Earlier this year I blogged about PinkStinks, a website which was starting to receive some attention in the blogosphere. PinkStinks was at that time a new campaign, which aimed to promote positive role models and an inclusive, diverse message about what it means to be a young girl while combating negative gender stereotypes.
Its enemy? The "culture of pink which invades every aspect of girls' lives". The way that even before they’re born, girls are targeted by an obnoxious, neverending supply of pink princess outfits, pink miniature household appliances and pink accessories.
The all-encompassing 'pink for girls and blue for boys' standard actually didn’t become mainstream until after World War Two – and it’s only in the past 20 years that it's become a full-blown obsession. If, like me, at least some of your childhood predates the 1990s, you’ll remember a time when girls were offered more choices than being 'a princess', or 'just like mum' - doing the housework.
A time when companies didn’t feel the need to produce ridiculous pink globes, pink Scrabble sets and pink glue sticks claiming to be 'Just 4 Girls', as if female children can’t possibly contemplate playing with something that’s any other colour.
PinkStinks founders, sisters Emma and Abi Moore, have been trying to challenge this. Their wish? To show young girls that there's a wide range of interests, hopes and ambitions out there. To show them that women are successful in the arts, sciences, sports, business and technology and that one day, they could be too if that's their thing. To promote a life for little girls that isn't just about fairies, princesses and being thin and pretty.
Sounds promising, right?
Over the past few weeks, the Moore sisters have received a lot of press – in 22 countries, no less - about their Christmas campaign, targeting the strictly segregated 'boys' toys' and 'girls' toys' aisles in Early Learning Centre and similar shops. And much of it has been bad press.
Predictably, it’s 'political correctness gone mad'. Or they’re just 'humourless feminists', out to brainwash children with left-wing propaganda. Many critics have been quick to point out that actually, little girls just love pink and always will, as if it's part of their genetic makeup. Others are angry that the campaign seems to promote a burning hatred for the colour pink.
This is missing the point somewhat. It's not about banning pink clothes or toys altogether or stopping little girls from playing 'princesses'. It’s about promoting a vision of childhood that is free from expectations – many of them invented by consumerism and marketing - of what it is to be a 'proper girl' (passive, interested in little more than 'being pretty') or a 'proper boy' (adventurous and boisterous). I’ve lost count of the number of times I’ve heard adults say "She’s a proper little girl/he’s a proper little boy!" when a child displays some stereotypical characteristic.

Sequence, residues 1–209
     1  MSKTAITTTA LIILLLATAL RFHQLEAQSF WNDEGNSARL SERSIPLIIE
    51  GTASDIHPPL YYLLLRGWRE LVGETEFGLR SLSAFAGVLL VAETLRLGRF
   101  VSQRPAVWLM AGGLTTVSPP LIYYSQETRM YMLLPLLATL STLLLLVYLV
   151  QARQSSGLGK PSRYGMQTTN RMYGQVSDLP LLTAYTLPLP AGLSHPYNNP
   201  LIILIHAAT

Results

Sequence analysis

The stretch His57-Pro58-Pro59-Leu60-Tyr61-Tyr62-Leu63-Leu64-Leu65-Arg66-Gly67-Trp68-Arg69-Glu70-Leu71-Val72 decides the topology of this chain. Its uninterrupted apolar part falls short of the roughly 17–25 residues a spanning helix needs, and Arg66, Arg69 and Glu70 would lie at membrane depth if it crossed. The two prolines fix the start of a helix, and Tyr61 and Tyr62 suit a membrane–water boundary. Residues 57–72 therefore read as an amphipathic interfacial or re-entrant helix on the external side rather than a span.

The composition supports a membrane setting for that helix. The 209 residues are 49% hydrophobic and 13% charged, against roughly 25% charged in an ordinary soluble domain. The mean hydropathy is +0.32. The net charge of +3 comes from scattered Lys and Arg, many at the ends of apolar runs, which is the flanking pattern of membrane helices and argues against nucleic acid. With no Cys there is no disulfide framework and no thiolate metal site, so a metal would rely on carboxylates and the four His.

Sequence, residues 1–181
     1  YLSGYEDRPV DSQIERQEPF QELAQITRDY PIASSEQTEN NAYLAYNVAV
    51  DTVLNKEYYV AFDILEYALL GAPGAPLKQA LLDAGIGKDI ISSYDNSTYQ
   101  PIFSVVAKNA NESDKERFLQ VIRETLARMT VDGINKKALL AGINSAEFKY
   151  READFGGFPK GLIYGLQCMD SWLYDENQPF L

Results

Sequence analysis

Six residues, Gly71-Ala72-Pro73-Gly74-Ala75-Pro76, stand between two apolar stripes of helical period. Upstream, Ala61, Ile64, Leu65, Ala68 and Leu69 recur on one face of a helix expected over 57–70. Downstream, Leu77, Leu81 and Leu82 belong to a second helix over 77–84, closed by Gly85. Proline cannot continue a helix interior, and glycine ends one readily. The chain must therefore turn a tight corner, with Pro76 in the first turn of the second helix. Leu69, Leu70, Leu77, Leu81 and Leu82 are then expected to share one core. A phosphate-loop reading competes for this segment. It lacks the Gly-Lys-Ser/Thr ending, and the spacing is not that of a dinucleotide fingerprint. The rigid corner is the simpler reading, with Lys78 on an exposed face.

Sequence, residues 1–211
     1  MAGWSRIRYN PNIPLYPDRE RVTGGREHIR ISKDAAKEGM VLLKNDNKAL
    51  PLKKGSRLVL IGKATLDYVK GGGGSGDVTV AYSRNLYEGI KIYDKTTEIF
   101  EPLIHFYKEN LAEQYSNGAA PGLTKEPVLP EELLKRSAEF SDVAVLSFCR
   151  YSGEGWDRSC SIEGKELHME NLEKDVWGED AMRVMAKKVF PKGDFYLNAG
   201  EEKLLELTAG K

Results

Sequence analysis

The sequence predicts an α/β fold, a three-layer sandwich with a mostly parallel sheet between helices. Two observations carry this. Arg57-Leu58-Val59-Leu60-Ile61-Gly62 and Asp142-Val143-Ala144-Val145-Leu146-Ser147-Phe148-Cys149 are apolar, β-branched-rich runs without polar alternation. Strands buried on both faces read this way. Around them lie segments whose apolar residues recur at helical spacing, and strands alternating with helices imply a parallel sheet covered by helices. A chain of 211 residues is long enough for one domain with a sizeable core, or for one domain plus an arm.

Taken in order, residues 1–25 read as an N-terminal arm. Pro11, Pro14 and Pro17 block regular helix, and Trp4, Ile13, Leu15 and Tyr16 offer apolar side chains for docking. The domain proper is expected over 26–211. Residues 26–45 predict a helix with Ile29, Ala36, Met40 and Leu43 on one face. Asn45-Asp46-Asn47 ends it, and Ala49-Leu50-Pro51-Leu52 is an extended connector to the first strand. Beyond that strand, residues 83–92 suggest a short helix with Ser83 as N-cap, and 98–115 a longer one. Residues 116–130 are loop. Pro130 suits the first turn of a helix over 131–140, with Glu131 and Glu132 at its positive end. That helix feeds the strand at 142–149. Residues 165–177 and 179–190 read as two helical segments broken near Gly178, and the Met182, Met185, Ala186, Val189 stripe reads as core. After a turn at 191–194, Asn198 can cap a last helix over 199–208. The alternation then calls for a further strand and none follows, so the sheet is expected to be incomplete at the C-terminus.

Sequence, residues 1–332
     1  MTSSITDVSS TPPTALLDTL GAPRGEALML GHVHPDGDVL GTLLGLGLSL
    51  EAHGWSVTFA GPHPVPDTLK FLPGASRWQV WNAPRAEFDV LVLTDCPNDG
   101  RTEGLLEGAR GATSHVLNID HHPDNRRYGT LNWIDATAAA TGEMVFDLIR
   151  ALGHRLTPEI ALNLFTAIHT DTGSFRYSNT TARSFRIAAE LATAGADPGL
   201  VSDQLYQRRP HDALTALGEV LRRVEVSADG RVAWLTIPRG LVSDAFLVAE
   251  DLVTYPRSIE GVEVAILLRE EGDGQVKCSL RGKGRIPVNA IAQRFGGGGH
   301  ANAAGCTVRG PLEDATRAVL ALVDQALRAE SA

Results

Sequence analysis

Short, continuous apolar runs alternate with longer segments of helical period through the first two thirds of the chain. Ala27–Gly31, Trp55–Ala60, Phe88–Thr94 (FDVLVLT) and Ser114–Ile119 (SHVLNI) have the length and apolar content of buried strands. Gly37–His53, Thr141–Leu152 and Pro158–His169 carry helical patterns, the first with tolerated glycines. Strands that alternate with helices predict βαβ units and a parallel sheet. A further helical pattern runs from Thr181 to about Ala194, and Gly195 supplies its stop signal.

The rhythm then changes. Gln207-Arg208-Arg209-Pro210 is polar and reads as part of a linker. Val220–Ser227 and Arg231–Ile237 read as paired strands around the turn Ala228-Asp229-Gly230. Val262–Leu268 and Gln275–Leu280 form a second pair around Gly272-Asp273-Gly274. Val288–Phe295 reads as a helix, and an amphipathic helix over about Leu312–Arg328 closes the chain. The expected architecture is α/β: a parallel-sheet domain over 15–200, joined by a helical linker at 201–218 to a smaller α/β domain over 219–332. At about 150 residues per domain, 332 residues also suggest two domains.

This sort of culture has a negative impact on both sexes, particularly if they have no interest in or do not live up to 'approved' standards of masculinity or femininity. I once overheard a woman telling a friend that she'd found her two-year-old nephew playing with her daughter's doll. She'd taken it off him and told him that dolls were 'not for boys'. I wondered what sort of problematic effect she envisaged the doll having on her nephew.
As part of their criticism of PinkStinks, the naysayers have been very quick to say that girls like pink, boys like blue and that’s the end of it. BBC children’s news show Newsround decided to actually consult some kids on the matter and received some interesting responses. Plenty of girls replied to say they love the colour pink, but many more picked up on the limited range of choices and aspirations they’re presented with:
"I hate the colour pink. I think there should be more colours to choose from like boys have a choice. It's just not fair!" (Georgia, 10)
"…they shouldn't only sell things like princess things for girls. Girls like more things, like sports, but they always have pink all the time. Girls' clothes are often pink and we want more colours." (Ishbel, 8)
One education writer has suggested that reactions to the Early Learning Centre campaign have been so strong because parents feel guilty about buying into the sort of stereotyping and consumerism the campaign criticises – and of course no-one likes their parenting brought into question.
But as research has proved that anxiety about appearance can compromise brain function in girls, that girls are now worried about their appearance at an incredibly young age and that the backlash against feminism has had a negative impact on their aspirations, maybe it is time for more parents to take consider whether they’re selling their daughters short and that there’s more to life than being a princess.
Image via PinkStinks.co.uk